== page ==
November 16, 2017

A DC Comics editor is fired after female employees report sexual harassment


Here comes another sleazebag ousted for sexual misconduct. We’ve recently written about sexual harassment in the publishing workplace, SHITTY MEDIA MEN, and Harvey Weinstein the Liar. Now, high-profile DC Comics editor Eddie Berganza has been fired following accusations of sexual harassment by three women.

Berganza joined DC in the nineties, rising through the ranks to become a name to be reckoned with. He has worked on comics including SupermanSupergirl, and Wonder Woman and had a hand in some of DC’s highest-profile launches, including Justice LeagueInfinite Crisis, and Blackest Night. His firing comes just as the presumptive blockbuster film adaptation Justice League is about to hit cinemas worldwide.

The allegations came to public attention through The Dark Side of DC Comics, a BuzzFeed News feature by Jessica Testa, Tyler Kingkade, and Jay Edidin. The writers spoke to women who had worked for DC, documenting years of reported harassment from Berganza. The piece opens with an account of what happened to Liz Gehrlein Marsham, then twenty-nine, within the first month of her hire: “Berganza cornered her, stuck his tongue in her mouth, and attempted to grope her.”

This was 2006; Marsham continued to work for DC another six years, feeling unsafe around Berganza. She told the reporters, “By the time I left I was really demoralized. I was physically ill from being stressed all the time and trying to hide it. I just felt like I needed to get out, however I could.”

In 2010, former DC editor Janelle Asselin filed a complaint with human resources about Berganza, on behalf of several female employees who’d experienced his inappropriate behaviour. Nothing was done about it. “It changed how I felt about comics forever,” she told the writers, “because we put our trust in them to do the right thing.”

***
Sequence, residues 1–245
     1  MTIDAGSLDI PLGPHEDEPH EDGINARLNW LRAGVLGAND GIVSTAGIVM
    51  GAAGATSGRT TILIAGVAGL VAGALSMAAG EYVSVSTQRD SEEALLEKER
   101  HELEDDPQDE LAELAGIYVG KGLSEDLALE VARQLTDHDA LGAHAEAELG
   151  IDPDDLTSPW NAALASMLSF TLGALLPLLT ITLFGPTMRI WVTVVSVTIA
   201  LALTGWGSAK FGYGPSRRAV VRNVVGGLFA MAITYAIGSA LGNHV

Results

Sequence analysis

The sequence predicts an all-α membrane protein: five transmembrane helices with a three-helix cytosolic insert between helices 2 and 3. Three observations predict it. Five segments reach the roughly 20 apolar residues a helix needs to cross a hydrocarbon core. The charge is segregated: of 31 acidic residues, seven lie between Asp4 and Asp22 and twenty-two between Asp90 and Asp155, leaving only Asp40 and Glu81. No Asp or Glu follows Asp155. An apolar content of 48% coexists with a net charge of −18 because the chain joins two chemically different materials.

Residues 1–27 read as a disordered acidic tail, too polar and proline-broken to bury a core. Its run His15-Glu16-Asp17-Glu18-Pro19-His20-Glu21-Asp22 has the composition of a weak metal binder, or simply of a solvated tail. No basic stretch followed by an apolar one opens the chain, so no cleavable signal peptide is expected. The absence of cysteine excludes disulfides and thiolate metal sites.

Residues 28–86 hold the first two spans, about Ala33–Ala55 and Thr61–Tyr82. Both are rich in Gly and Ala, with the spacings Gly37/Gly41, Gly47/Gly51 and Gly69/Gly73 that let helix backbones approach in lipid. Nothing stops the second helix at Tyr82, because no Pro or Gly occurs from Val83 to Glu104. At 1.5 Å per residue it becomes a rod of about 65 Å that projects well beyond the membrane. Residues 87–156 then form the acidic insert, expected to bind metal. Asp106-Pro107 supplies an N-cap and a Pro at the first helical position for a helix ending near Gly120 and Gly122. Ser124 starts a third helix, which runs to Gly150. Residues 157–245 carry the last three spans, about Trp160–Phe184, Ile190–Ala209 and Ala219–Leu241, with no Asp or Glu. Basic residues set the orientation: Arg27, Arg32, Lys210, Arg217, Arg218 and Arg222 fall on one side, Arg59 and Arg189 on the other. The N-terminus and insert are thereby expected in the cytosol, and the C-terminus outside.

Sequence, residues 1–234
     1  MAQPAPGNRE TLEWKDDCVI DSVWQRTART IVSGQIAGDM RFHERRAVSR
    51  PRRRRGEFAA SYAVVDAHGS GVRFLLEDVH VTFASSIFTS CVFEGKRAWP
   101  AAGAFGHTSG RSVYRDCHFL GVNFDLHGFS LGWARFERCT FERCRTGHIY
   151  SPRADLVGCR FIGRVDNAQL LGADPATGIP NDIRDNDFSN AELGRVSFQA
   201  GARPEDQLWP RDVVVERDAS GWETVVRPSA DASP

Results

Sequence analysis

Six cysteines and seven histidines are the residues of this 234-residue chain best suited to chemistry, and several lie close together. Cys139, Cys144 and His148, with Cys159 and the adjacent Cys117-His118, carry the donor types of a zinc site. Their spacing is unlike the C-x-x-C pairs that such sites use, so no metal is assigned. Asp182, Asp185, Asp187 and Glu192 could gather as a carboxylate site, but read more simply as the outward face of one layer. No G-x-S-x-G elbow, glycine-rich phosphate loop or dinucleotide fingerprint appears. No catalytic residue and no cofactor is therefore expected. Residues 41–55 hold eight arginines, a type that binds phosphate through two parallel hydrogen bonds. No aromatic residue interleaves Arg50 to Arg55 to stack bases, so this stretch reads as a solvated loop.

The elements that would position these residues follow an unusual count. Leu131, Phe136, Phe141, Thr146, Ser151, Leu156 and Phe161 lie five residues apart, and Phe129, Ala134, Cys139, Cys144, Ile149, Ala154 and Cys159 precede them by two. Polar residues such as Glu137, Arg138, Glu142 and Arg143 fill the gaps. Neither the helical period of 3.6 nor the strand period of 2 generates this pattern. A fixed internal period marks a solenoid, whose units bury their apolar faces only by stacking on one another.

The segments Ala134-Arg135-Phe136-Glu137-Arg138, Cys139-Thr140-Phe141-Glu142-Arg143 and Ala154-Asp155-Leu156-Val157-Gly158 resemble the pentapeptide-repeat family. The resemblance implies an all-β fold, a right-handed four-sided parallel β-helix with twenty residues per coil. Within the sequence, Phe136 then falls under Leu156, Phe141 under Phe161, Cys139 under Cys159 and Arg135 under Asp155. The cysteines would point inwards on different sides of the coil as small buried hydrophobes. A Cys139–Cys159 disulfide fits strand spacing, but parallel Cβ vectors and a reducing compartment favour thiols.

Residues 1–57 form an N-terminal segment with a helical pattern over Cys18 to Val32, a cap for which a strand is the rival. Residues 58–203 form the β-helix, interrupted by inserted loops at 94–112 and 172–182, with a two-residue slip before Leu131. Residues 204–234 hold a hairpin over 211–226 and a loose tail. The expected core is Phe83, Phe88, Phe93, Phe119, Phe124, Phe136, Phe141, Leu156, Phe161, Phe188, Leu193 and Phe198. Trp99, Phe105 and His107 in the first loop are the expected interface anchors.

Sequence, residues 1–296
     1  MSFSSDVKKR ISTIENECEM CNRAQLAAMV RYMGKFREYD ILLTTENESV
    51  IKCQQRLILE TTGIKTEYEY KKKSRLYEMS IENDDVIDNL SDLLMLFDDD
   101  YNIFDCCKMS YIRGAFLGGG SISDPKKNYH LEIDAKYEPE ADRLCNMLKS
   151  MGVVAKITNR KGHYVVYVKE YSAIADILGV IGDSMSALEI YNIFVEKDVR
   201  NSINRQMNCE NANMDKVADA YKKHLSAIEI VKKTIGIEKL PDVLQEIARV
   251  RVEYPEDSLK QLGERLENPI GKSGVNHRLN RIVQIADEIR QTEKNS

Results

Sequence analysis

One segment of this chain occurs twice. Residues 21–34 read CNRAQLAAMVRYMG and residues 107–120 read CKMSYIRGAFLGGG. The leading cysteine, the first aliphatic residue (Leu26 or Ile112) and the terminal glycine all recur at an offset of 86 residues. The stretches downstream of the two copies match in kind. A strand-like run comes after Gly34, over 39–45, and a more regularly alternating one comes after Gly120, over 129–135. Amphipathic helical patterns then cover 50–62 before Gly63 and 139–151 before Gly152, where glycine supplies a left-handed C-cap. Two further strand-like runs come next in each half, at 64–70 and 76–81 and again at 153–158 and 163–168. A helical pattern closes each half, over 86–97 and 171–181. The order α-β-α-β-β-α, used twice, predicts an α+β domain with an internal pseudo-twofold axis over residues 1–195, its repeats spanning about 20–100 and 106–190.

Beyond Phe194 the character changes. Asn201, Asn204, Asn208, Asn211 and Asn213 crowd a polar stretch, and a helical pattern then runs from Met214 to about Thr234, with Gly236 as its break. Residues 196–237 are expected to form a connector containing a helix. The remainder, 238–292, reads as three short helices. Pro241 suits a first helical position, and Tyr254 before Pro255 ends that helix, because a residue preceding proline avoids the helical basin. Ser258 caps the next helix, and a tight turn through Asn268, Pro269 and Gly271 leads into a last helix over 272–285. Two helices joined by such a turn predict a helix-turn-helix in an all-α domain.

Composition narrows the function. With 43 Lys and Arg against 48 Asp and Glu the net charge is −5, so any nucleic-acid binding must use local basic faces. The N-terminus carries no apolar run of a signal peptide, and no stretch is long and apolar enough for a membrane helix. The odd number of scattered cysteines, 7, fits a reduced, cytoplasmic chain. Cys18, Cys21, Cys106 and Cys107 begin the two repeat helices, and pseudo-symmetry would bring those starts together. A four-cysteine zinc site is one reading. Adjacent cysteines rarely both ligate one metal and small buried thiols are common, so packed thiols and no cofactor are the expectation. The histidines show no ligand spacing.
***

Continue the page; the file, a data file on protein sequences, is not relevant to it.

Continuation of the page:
Joan Hilty’s story echoes Marsham’s. She reported that Berganza had grabbed her and repeatedly tried to kiss her at a staff party.

“I tried to laugh it off, basically… I told myself it didn’t matter because it had been outside the workplace, or because I was gay, or because I didn’t report directly to him. I chose to overlook that it was a work-related event, that the power imbalance made it worse, and that it was wrong under any circumstances.”

At the time, Hilty had been at DC for half a decade and was respected at the company. Yet she hasn’t spoken out about Berganza until now. Marsham describes a feeling that “we had all fought really hard to get there…. We had jobs people were lining up around the block to get.”

When Hilty was laid off in 2010, Berganza was promoted to executive editor. He didn’t maintain the position for long: after a further allegation was made about him trying to forcibly kiss a woman in a hotel lobby during a conference in 2012, he was demoted to group editor — certainly still a position of power.

After the story’s publication, Twitter exploded with anger at DC’s casual tolerance of workplace predation. Publicist and writer Molly McIsaac and Hugo Award-winning author Marjorie Liu shared their own stories of Berganza’s predatory behaviour.

DC Enterainment said in a statement to the Hollywood Reporter’s Aaron Couch:

Warner Bros and DC Entertainment have terminated the employment of DC Comics Group Editor Eddie Berganza…

We are committed to eradicating harassment and ensuring that all employees, as well as our freelance community, are aware of our policies, are comfortable reporting any concerns and feel supported by our Company.

So why has it taken so many years for complaints about Berganza to be heard and answered? Former DC employee Heidi MacDonald, who worked at the company for a few years beginning in the late nineties, told BuzzFeed News that “there were so many weird and creepy attitudes about women that I had to put up a shield of 4 inches of lead.”

“I think it just reinforces this idea that superheroes are for boys, and comics are a place that women aren’t welcome,” she added. “Whether as readers or creators.”

This. Is. Not. Good. Enough.




Nikki Griffiths is the managing director of Melville House UK.